Aphanite

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The smooth texture of this basaltic volcanic bomb is aphanitic.
An aphanitic volcanic sand grain, with fine-grained groundmass, as seen under a petrographic microscope

Aphanite, or aphanitic as an adjective, (from the Greek αφανης, invisible) is a name given to certain igneous rocks which are so fine-grained that their component mineral crystals are not detectable by the unaided eye (as opposed to phaneritic igneous rocks, where the minerals are visible to the unaided eye). This geological texture results from rapid cooling in volcanic or hypabyssal (shallow subsurface) environments. As a rule, the texture of these rocks is not quite the same as that of volcanic glass (e.g. obsidian), with volcanic glass being even finer grained (or more accurately, non-crystalline) than aphanitic rocks, and having a glass-like appearance.[1]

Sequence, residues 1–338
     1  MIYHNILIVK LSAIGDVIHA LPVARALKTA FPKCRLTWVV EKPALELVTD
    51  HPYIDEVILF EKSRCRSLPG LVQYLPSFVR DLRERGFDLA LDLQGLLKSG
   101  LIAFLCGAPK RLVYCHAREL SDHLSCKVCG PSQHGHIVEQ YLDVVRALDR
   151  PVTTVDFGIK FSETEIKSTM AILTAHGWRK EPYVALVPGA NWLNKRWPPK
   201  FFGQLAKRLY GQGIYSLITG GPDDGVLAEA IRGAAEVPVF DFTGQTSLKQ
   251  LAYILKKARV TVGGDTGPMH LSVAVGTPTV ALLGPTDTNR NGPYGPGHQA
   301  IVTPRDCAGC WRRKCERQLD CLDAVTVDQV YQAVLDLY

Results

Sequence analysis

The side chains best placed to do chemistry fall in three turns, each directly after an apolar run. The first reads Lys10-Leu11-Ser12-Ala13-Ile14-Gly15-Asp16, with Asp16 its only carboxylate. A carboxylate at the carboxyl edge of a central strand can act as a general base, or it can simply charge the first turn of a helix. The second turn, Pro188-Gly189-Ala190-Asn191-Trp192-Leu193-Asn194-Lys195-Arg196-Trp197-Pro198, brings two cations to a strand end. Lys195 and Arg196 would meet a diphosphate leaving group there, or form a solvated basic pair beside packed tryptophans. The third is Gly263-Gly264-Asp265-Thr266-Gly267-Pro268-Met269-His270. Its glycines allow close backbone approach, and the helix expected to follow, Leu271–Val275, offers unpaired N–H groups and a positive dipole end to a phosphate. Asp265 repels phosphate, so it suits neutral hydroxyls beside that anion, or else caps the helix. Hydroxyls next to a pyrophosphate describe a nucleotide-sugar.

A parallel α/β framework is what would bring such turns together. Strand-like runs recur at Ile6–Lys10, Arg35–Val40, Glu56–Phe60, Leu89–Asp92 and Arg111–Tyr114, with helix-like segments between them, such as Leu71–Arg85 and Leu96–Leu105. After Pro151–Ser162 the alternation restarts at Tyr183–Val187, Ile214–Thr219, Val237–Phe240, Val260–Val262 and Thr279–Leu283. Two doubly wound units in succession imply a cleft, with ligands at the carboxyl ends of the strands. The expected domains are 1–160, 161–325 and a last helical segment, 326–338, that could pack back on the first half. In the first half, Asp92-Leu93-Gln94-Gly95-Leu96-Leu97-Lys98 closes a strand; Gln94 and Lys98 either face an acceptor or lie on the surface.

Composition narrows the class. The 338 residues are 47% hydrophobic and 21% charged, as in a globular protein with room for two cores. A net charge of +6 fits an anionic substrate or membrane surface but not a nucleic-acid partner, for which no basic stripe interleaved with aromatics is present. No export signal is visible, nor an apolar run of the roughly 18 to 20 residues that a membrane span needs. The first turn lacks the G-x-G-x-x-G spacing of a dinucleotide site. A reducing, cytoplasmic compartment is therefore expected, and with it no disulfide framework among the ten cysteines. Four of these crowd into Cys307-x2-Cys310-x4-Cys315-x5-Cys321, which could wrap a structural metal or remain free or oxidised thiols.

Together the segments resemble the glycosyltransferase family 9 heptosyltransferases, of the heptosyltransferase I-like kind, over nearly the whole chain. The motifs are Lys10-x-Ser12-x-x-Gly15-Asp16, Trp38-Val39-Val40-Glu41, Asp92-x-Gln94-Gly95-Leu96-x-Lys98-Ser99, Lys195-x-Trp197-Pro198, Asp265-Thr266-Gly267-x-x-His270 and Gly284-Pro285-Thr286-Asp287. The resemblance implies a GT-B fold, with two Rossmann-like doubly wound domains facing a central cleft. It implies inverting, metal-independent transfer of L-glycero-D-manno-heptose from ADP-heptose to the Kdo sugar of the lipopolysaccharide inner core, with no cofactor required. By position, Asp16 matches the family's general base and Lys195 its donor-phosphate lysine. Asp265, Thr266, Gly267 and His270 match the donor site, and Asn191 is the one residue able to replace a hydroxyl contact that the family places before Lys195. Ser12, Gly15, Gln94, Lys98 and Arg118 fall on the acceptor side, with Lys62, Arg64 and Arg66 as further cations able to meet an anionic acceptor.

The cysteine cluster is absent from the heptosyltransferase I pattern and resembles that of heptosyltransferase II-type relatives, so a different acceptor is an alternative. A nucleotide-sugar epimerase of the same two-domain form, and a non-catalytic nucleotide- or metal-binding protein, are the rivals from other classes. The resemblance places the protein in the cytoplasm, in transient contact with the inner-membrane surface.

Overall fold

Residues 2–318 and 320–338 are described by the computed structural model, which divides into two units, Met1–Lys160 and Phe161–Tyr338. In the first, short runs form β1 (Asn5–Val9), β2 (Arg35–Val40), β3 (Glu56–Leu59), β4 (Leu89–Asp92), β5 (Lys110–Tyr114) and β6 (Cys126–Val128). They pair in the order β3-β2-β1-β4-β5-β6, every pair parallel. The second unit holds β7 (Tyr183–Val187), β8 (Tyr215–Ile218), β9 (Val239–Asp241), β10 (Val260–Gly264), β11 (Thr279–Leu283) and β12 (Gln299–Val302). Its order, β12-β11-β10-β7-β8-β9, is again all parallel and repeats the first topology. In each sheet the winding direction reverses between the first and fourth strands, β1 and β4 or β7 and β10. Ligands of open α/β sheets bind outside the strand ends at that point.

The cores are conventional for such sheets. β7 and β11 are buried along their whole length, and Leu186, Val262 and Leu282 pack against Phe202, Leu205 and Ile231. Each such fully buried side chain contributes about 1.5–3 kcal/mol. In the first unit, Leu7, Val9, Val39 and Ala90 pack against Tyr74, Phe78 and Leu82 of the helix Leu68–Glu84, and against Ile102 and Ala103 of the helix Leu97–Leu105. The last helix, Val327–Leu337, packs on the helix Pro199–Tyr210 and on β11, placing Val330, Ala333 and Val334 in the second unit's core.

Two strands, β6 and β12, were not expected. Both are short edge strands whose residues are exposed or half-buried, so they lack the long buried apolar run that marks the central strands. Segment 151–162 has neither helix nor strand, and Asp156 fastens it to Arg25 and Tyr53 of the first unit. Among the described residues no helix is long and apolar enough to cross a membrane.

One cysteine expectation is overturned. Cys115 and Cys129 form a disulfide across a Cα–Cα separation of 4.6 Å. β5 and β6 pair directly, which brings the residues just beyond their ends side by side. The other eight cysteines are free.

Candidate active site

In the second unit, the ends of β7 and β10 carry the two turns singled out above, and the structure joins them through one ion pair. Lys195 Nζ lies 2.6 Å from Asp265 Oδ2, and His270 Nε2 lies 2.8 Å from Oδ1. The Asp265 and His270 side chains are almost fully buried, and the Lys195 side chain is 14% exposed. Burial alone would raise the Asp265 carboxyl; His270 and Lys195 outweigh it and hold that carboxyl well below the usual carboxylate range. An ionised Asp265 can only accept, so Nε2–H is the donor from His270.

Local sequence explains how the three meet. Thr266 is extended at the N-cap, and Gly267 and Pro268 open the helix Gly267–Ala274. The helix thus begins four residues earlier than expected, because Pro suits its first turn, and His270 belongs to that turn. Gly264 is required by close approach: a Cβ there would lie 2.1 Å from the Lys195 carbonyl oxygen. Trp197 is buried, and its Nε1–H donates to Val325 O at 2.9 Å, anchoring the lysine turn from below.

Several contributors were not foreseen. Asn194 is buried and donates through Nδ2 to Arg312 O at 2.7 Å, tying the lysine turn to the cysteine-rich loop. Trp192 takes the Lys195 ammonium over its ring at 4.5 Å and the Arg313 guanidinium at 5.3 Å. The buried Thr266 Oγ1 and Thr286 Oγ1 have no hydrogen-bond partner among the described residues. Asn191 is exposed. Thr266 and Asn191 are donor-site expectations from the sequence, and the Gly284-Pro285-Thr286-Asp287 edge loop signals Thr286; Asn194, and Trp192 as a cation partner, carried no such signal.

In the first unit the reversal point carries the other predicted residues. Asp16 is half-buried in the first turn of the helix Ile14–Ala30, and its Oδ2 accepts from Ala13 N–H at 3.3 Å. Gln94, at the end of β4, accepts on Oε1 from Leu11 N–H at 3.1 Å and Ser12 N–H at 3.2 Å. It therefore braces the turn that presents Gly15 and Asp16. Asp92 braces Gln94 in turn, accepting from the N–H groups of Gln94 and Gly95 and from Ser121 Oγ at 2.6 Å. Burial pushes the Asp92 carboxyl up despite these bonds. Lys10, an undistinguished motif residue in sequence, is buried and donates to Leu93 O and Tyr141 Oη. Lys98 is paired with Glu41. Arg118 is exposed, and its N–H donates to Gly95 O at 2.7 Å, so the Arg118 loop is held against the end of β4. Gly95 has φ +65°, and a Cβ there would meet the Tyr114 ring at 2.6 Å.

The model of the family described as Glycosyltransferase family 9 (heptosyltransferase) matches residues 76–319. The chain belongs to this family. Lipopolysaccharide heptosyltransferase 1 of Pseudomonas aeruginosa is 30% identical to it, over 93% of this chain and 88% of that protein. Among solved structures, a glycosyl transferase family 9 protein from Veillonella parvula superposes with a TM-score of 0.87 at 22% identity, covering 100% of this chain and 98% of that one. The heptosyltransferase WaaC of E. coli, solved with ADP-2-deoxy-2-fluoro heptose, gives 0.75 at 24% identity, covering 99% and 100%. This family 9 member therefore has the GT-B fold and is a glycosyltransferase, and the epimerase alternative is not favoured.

Aphanites are commonly porphyritic, having large crystals embedded in the fine groundmass or matrix. The large inclusions are called phenocrysts.

They consist essentially of very fine-grained minerals, such as plagioclase feldspar, with hornblende or augite, and may contain also biotite, quartz, and orthoclase.

Common rocks that can be aphanitic[edit]

References[edit]

  1. ^ Bates and Jackson, 1984, Dictionary of Geological Terms, 3rd ed., Prepared by the American Geological Institute